Cuddle up with?

Most definitely, she said. Women love to cuddle and the idea of having a man who will cuddle and not expect sex is sought by more women than you might imagine.

Why, I asked. Why don't they want sex?

Any number of reasons, Kelli said as she waved a fork. Maybe they're tired of sex. Maybe they have a boyfriend who doesn't like to cuddle and so they are cuddle-hungry. Maybe they just don't like sex. Some women, for example, suffer from vaginas that are so contracted and tight that sex is too painful so they live without sex but would love to sleep with a man purely for the companionship. The point is, she said, there are many reasons and a lot of women who would love to find a man who can't have sex and if he isn't the cuddle type, maybe he'd just be a great date and friend.

I had no idea, I said.

Why do you suppose so many women enjoy gay men as friends, she said with a wide grin.

I had heard of it but had never put it in those terms.

Okay, I said, how does one find such women?

Not easy, she said as a piece of broccoli disappeared. In fact in some ways it is harder to find them than women who expect or want sex because they tend to be more withdrawn from the social scene. They get tired of fending off the sexual advances and they don't disclose what they really want.

Okay, but how does one find them, I said, repeating my question.

An ad might be a good start, she said.

Where, I asked. I knew Kelli had gone that route in her love life to meet new people in her varied lifestyles but it had never been an option for me.

An alternative paper is a good place, she said as she pushed the tray away and leaned against the headboard.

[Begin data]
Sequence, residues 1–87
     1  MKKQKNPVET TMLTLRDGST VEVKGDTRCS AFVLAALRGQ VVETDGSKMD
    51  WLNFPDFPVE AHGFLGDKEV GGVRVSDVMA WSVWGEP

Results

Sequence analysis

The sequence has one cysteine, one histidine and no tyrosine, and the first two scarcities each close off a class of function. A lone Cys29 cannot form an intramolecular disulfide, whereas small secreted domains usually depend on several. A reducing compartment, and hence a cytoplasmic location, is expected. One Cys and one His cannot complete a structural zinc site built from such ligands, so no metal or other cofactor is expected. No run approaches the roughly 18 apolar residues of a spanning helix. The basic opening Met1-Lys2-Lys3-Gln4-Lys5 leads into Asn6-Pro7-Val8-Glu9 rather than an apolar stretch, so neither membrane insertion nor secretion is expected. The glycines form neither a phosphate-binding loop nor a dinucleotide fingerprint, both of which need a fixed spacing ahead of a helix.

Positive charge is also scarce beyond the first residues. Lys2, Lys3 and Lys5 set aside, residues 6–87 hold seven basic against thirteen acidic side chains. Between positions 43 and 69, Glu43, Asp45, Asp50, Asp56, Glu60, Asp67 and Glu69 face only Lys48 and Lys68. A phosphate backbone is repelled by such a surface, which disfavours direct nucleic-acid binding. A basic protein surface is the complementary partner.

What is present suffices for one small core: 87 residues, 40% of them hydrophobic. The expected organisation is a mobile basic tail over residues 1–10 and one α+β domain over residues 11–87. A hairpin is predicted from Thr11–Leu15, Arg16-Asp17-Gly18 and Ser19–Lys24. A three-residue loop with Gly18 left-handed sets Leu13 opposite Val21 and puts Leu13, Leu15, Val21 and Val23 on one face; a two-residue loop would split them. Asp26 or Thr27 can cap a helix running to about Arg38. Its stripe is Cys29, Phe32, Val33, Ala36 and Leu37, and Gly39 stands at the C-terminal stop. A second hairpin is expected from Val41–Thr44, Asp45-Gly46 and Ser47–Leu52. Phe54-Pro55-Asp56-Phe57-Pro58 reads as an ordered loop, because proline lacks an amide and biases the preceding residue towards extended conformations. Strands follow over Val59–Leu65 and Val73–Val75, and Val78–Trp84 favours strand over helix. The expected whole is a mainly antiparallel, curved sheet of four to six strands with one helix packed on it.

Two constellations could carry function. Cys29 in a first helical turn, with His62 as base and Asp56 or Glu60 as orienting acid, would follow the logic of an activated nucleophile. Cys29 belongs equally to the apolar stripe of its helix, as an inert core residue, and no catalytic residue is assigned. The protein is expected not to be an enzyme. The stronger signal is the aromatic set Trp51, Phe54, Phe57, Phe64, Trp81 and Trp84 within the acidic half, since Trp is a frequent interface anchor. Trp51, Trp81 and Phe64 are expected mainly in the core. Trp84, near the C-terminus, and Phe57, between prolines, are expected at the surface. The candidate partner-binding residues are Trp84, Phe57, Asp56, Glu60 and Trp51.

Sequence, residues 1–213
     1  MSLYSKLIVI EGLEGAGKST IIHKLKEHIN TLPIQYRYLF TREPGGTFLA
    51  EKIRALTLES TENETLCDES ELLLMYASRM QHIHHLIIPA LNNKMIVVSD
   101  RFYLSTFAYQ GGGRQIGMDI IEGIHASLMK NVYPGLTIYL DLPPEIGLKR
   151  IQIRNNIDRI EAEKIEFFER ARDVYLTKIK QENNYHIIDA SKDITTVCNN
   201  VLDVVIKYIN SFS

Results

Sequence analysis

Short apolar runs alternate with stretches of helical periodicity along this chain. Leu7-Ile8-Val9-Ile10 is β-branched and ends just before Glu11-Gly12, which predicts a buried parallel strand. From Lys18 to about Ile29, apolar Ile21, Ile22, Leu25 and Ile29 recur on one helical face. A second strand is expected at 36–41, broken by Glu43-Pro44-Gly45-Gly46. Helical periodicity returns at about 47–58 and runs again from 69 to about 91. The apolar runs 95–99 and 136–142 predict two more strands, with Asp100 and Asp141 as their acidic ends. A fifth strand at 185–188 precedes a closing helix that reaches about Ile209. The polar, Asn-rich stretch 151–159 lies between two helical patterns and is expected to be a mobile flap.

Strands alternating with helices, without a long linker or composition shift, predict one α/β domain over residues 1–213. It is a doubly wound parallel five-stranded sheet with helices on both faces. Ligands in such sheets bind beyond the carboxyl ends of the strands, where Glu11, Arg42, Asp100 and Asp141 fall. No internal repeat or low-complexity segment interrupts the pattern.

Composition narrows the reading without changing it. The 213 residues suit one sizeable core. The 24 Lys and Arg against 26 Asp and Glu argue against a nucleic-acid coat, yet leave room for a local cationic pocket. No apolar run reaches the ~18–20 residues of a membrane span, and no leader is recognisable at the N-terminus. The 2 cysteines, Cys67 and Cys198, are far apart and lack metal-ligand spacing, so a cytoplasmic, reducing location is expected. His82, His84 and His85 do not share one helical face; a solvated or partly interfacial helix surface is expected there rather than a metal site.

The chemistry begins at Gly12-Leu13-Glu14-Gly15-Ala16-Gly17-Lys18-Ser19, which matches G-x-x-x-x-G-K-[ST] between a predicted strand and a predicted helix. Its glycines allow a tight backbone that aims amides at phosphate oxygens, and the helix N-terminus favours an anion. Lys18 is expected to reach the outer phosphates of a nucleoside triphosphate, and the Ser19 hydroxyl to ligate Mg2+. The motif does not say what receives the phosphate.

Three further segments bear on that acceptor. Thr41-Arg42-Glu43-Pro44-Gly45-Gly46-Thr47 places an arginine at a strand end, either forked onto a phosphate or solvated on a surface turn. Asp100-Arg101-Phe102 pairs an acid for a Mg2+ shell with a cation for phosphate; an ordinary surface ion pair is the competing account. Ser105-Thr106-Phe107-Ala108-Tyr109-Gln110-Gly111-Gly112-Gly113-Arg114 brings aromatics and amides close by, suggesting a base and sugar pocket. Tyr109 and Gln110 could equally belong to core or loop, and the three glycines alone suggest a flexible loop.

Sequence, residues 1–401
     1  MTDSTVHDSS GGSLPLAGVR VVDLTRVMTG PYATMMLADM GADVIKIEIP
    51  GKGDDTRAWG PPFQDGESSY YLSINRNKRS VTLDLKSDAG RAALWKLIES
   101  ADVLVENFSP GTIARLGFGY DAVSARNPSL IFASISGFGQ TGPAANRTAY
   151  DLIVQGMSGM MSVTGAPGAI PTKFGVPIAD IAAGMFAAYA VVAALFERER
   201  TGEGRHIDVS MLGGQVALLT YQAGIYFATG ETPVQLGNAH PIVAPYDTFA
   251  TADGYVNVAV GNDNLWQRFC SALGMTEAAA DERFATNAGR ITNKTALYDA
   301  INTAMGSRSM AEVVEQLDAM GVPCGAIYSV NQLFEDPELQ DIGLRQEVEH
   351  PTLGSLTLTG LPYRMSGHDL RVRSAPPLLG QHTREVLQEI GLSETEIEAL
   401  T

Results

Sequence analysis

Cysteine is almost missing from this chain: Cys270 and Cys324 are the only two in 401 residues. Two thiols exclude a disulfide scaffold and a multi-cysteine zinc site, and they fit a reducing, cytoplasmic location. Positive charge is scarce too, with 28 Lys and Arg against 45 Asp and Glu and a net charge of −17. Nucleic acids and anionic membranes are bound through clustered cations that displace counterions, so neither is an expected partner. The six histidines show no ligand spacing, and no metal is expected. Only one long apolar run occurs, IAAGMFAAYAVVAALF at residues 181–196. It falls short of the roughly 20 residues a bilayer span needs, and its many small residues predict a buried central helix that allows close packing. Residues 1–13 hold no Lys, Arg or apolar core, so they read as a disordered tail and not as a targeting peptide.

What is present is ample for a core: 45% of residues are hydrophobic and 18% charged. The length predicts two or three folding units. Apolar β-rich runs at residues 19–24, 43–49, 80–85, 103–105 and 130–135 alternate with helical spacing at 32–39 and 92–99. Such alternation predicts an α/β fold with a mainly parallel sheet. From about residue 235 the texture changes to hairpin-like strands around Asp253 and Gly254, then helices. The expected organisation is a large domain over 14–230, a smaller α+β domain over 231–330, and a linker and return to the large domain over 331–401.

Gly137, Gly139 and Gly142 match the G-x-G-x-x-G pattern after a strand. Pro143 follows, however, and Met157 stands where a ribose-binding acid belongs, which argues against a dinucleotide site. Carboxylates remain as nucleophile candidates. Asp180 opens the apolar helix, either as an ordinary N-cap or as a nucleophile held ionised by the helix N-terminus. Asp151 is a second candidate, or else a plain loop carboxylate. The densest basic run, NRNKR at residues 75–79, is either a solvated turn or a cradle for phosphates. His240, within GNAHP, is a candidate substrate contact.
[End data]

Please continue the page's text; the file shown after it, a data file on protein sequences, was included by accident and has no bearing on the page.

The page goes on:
And say what, that I'm impotent because of cancer treatment?

Wouldn't hurt, she said. That way a woman would know you're serious, rather than just using it as a line.

I fell silent and thought about it. The idea of advertising my impotency was so foreign that I had trouble digesting the thought. Our conversation looped back through the subject as I tried to get my wits around the idea that there really were women who would welcome an impotent man. She was insistent that there really were such women. They just had to be found.

It's the same as any dating, she said with a smile. You have to look.

I nodded. Okay, I said, I believe you. Are you going to eat that roll?

A few minutes later, our conversation ended and I went back to Caren's, chewing on the idea. I definitely felt better than I had before seeing Kelli. Maybe I could get enough courage to write such an ad but it was still a strange concept. I had to think about it but at least it gave an option to a man in my condition.

My optimism lasted only a couple of days before the bottom fell out.


Go to


main menu   -   articles   -   prostate   -   stories   -   sexuality   -   resources   -   glossary   -   search

This information is provided for educational purposes only and does not replace or amend professional medical advice. Unless otherwise stated and credited, the content of Phoenix5 (P5) is by and the opinion of and copyright © 2000 Robert Vaughn Young. All Rights Reserved. P5 is at <>. P5's policy regarding privacy and right to reprint are at <>.